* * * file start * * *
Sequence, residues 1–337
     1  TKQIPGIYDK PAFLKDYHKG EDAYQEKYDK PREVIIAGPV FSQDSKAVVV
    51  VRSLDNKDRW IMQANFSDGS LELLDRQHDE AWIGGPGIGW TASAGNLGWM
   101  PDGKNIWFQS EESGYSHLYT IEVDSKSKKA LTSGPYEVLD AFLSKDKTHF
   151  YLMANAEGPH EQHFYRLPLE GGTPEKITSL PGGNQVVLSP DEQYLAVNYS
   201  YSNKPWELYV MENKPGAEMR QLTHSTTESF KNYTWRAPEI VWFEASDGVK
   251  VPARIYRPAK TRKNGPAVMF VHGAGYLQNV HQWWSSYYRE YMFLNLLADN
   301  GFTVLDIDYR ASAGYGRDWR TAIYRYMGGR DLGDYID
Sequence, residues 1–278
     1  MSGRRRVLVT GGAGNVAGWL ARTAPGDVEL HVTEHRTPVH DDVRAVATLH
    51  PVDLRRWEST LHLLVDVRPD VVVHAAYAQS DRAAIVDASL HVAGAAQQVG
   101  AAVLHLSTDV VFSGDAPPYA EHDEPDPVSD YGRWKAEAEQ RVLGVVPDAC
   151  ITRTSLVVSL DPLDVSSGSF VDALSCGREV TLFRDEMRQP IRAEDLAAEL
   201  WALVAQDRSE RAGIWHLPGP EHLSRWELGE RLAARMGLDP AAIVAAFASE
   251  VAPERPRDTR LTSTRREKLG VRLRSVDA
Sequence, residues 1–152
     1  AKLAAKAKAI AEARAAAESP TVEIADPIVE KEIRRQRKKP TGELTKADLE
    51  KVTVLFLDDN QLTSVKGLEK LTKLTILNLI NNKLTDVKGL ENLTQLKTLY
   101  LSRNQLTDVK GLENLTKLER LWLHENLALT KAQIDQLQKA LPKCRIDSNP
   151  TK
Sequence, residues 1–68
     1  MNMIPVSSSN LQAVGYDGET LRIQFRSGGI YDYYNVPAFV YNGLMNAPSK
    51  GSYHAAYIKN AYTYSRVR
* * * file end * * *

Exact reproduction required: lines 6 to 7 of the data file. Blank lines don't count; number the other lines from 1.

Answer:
   201  YSNKPWELYV MENKPGAEMR QLTHSTTESF KNYTWRAPEI VWFEASDGVK
   251  VPARIYRPAK TRKNGPAVMF VHGAGYLQNV HQWWSSYYRE YMFLNLLADN